This expression shows that there is a direct relationship between the loudspeaker feeds and the chosen SHC. The transform matrix may vary depending on, for example, which coefficients were used and which definition of the spherical harmonic basis functions is used. Although for convenience this example shows a maximum N of order n equal to two, it is expressly noted that any other maximum order may be used as desired for the particular implementation (e.g., four or more). In a similar manner, a transform matrix to convert from a selected basic set to a different channel format (e.g., 7.1, 22.2) may be constructed. While the above transformation matrix was derived from a ‘mode matching’ criteria, alternative transform matrices can be derived from other criteria as well, such as pressure matching, energy matching, etc. Although expression (12) shows the use of complex basis functions (as demonstrated by the complex conjugates), use of a real-valued set of spherical harmonic basis functions instead is also expressly disclosed.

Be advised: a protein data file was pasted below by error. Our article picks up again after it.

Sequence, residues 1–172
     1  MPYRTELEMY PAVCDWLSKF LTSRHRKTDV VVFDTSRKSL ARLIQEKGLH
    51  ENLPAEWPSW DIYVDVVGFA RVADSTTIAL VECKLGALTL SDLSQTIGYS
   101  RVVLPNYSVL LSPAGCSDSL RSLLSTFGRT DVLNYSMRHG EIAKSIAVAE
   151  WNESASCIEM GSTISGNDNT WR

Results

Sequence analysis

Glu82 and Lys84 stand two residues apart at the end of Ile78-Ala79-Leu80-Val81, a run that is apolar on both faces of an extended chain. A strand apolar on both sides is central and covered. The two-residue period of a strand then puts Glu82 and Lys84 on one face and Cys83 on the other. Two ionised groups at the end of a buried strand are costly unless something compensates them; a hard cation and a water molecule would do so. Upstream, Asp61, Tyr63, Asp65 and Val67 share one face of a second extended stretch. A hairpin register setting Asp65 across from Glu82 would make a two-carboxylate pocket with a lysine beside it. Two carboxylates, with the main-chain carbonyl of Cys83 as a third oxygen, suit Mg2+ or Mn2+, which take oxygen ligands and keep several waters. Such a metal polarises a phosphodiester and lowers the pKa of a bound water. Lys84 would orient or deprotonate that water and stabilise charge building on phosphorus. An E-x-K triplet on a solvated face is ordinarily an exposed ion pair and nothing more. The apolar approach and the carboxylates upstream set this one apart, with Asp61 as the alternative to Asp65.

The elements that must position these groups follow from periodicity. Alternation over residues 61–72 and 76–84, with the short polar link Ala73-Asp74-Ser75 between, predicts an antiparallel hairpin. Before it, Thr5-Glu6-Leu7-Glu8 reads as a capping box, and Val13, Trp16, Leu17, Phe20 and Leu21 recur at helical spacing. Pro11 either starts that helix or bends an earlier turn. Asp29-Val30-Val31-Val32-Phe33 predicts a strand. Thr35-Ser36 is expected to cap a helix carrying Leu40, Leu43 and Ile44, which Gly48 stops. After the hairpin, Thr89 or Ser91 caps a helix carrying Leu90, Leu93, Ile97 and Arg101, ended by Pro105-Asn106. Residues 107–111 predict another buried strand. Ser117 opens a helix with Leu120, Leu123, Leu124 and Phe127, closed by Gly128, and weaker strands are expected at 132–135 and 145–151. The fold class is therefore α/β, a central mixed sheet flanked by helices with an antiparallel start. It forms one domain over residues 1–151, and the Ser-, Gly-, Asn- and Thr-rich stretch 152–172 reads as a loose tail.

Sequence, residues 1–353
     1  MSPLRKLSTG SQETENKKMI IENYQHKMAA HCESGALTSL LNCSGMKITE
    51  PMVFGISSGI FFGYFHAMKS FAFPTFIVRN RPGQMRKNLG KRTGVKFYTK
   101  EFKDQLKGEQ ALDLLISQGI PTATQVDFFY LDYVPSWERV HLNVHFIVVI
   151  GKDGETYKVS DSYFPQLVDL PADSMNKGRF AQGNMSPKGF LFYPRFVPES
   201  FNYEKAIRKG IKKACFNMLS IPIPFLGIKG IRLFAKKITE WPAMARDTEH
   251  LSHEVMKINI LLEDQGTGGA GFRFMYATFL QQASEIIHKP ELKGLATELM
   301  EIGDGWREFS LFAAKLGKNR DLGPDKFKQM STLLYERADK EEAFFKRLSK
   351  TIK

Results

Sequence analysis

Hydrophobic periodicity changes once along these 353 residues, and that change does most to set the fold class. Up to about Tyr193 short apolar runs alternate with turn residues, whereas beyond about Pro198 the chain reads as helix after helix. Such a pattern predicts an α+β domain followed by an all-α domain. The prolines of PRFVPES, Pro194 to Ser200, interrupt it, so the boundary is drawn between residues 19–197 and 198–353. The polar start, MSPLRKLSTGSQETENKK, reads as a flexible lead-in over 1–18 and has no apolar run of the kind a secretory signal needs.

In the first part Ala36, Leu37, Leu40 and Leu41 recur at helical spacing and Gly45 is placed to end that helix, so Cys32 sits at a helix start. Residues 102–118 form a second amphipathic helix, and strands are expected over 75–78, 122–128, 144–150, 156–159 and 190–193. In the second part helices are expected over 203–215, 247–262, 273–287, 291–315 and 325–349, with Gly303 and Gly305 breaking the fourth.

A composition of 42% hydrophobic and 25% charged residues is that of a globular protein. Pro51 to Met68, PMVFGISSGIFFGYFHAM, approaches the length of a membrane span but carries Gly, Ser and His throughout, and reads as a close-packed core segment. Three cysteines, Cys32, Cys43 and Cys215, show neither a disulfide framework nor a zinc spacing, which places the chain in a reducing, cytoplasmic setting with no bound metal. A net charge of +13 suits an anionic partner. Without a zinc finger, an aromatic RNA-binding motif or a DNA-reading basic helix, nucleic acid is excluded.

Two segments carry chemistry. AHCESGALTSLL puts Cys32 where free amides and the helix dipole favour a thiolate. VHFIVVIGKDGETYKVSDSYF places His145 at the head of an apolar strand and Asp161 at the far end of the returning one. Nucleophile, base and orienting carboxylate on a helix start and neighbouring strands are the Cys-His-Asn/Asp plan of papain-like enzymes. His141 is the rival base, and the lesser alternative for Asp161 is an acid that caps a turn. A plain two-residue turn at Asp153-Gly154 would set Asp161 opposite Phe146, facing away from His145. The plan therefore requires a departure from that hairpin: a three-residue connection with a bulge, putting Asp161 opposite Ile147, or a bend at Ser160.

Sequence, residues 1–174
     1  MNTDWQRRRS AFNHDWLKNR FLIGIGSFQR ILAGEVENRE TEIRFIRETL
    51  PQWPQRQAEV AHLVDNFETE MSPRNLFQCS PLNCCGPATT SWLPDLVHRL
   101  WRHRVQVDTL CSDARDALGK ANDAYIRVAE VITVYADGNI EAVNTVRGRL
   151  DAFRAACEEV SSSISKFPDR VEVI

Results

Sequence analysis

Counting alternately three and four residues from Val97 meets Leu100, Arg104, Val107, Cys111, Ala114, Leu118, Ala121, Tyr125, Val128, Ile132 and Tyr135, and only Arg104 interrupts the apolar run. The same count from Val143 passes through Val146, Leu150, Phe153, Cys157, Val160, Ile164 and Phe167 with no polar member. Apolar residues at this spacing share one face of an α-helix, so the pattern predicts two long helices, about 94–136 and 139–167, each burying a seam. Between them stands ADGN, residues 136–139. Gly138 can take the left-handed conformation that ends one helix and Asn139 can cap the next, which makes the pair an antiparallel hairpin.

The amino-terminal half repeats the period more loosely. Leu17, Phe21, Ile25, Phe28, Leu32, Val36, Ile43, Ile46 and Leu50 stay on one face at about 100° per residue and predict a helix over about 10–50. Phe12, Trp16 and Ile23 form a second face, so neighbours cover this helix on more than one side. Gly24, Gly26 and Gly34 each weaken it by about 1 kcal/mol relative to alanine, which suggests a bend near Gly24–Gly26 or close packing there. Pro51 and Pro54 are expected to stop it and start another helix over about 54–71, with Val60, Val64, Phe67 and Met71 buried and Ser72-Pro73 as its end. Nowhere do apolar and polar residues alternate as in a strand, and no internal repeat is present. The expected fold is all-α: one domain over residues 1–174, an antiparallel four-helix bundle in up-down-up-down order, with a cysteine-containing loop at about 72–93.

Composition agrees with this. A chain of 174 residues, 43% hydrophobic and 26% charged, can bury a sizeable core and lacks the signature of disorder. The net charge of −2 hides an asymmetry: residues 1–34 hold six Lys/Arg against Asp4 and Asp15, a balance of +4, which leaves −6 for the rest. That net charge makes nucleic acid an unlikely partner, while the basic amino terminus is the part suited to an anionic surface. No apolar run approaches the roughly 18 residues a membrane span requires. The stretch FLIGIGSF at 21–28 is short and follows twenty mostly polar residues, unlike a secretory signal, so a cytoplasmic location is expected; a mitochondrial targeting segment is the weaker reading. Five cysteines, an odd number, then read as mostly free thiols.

FIG. 11 shows a flowchart for an implementation M410 of method M400 that includes a task T600 and an adaptive implementation T510 of task T500. In this example, an array MCA of one or more microphones are arranged within the sound field SF produced by loudspeaker array LSA, and task T600 processes the signals produced by these microphones in response to the sound field to perform adaptive equalization of rendering task T510 (e.g., local equalization based on spatio-temporal measurements and/or other estimation techniques).

Potential advantages of such a representation using sets of coefficients of a set of orthogonal basis functions (e.g., SHC) include one or more of the following: